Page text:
When Gary tries to put himself in a claimant’s shoes, he asks himself how he would have felt, rather than trying to imagine how the claimant might have felt. Often, he asks himself how a “reasonable person” would have acted – and to Gary, this “reasonable person” looks a lot like Gary himself.
Sometimes claimants have been able to help Gary to see that they, like he, have been shaped by their experiences. Because their experiences have been very different from his, they felt and thought and acted differently than how he thinks that he, or his idea of a “reasonable person,” would have felt, thought or acted.
If Gary was threatened by the guerilla, he would be terrified. But that kind of threat would be new to him. He has lived his whole life in safety. Sonia helped Gary to understand that for her, over time, the guerrilla’s threats had become a kind of unsettling background noise. Whenever she thought about the danger, it made her uneasy. Sometimes fear hit her in the pit of her stomach. But most of the time, she just tried not to think about it. She explained that it was like smoking cigarettes or driving a car; she knew that the risk was real, but she pushed the thought to the back of her mind and carried on.
Gary imagines that a reasonable person in Hee-Young’s shoes would have asked for help. But Hee-Young described for Gary what it was like to live for many years without being allowed to make any decisions. Her husband decided what she wore, what she ate, where she went, to whom she could speak. She never imagined that she could leave her husband and ask for help in a strange city in a foreign country any more than she imagined that she could run for president or become an astronaut. It simply never crossed her mind.
Boris explained that when he first arrived in Canada, his priorities were finding an apartment and finding a job. After that, he needed time to adjust. He still finds it very hard to trust people, and for now he just wants to be alone. He helped Gary to understand that he is not yet ready to date or to be part of a community.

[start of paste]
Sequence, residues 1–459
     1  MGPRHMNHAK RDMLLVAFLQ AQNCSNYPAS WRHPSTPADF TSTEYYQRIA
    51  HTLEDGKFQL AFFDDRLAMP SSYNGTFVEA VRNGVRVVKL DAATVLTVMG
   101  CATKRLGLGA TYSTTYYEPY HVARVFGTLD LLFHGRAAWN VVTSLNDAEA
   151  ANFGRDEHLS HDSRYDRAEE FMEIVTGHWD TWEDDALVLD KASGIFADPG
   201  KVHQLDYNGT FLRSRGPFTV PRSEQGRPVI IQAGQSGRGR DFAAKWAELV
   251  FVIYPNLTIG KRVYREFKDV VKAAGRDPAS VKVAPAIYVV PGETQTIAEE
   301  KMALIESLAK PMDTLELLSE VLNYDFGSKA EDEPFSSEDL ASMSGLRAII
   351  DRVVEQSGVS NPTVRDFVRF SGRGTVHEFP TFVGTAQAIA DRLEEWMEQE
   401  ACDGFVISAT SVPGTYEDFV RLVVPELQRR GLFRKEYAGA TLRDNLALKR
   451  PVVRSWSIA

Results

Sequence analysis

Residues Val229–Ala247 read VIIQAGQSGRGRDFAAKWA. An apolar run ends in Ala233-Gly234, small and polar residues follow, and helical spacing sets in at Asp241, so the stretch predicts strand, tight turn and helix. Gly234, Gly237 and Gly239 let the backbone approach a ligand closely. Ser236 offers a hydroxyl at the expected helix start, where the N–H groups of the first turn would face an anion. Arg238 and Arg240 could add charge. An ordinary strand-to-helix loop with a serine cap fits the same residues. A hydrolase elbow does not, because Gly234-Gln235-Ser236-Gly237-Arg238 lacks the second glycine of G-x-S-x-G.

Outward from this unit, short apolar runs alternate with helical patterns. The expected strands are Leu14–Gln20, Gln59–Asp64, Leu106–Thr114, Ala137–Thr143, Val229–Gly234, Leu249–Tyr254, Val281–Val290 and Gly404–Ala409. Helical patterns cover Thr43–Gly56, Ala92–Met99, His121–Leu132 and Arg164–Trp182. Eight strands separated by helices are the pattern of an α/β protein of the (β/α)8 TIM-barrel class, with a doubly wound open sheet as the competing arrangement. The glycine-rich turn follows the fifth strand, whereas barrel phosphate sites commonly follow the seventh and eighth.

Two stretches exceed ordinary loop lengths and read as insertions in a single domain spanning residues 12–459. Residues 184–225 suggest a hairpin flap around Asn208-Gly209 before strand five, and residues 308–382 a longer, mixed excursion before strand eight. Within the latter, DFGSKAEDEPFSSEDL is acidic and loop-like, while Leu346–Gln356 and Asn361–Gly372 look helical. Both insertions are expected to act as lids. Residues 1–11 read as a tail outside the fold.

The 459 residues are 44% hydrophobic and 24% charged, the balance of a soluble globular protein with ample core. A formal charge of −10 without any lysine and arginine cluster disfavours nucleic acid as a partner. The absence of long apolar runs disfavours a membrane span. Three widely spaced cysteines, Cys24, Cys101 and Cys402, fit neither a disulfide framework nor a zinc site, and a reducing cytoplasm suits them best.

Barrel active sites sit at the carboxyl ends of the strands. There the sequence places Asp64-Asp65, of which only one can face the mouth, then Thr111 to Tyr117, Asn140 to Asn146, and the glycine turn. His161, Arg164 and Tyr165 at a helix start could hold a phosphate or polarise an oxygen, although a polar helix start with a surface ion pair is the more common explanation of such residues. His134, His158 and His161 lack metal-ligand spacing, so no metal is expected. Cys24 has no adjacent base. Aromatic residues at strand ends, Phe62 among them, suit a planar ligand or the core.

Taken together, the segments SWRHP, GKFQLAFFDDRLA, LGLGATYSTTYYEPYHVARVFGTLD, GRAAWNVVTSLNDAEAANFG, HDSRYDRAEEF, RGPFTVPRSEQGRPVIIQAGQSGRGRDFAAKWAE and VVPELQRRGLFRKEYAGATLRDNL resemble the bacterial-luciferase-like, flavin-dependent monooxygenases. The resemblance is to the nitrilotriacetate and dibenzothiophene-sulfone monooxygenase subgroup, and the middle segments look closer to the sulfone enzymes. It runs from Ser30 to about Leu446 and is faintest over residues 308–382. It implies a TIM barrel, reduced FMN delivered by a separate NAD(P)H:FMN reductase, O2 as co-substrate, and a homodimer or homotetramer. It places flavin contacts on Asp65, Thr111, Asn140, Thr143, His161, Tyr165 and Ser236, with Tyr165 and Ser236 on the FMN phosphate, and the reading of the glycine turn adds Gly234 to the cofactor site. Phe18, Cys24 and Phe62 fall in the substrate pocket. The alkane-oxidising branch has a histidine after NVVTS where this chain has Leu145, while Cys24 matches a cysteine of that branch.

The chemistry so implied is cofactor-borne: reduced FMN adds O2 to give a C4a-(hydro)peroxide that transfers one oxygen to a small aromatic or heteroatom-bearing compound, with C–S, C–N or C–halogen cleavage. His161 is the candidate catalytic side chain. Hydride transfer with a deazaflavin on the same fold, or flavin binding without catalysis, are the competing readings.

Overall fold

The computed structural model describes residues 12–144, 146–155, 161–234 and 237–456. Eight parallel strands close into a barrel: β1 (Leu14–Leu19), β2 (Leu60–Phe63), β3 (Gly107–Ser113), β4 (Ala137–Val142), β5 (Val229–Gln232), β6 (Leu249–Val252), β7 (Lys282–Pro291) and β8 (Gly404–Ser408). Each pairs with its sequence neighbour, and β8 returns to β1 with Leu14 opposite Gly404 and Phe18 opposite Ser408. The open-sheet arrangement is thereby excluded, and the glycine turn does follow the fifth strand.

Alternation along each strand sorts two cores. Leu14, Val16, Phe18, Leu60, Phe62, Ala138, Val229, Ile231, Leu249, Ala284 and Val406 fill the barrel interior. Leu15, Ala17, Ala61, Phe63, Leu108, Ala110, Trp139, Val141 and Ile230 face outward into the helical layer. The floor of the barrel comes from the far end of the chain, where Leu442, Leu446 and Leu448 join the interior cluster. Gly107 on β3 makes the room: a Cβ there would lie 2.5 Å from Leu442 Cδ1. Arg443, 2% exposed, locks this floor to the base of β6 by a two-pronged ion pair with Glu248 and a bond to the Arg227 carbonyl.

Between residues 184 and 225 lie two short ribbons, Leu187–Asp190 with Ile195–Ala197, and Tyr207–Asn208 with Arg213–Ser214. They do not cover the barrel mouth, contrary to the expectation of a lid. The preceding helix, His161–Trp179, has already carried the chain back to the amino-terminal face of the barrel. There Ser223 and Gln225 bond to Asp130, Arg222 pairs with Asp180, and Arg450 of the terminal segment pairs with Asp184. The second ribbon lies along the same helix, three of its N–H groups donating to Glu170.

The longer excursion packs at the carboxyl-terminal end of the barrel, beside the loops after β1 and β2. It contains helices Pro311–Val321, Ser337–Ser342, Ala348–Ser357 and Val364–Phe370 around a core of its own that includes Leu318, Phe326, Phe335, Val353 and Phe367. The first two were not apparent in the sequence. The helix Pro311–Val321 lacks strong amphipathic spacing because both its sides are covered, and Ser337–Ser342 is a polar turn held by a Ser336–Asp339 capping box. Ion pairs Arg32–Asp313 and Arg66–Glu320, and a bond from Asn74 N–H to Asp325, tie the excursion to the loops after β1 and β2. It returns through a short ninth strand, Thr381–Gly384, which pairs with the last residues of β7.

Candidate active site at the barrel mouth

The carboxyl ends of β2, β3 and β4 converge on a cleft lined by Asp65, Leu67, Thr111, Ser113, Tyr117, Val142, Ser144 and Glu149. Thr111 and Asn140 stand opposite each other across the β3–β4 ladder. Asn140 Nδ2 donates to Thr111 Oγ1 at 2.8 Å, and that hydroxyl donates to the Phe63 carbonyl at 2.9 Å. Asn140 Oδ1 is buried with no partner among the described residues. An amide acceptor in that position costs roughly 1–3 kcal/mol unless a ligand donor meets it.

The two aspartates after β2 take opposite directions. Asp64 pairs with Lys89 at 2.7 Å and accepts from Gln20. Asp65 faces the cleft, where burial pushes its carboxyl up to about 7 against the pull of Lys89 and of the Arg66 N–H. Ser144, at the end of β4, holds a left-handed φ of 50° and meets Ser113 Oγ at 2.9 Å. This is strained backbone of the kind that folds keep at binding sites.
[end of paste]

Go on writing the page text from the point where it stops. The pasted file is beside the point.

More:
Marjani told Gary that she had heard rumours in her community that some interpreters do talk about what they have heard in immigration interviews. She did not know whether these rumours were true, but she explained that at the time they were weighing heavily on her mind. She also helped Gary to understand how devastating it would have been for her if this information had become known. She was simply not willing to take that risk.
Gary has never had any reason to distrust Canadian authorities. Police officers, border agents, and security guards have always treated him with respect. But Barrington told Gary about the kinds of experiences that had led him to conclude that he could not trust the Canadian system. He told Gary about being mistreated by Canadian police officers and security guards, as well as by his employer and by strangers who assaulted him and called him racist names. This helped Gary to understand why Barrington did not feel that he could trust Canadians.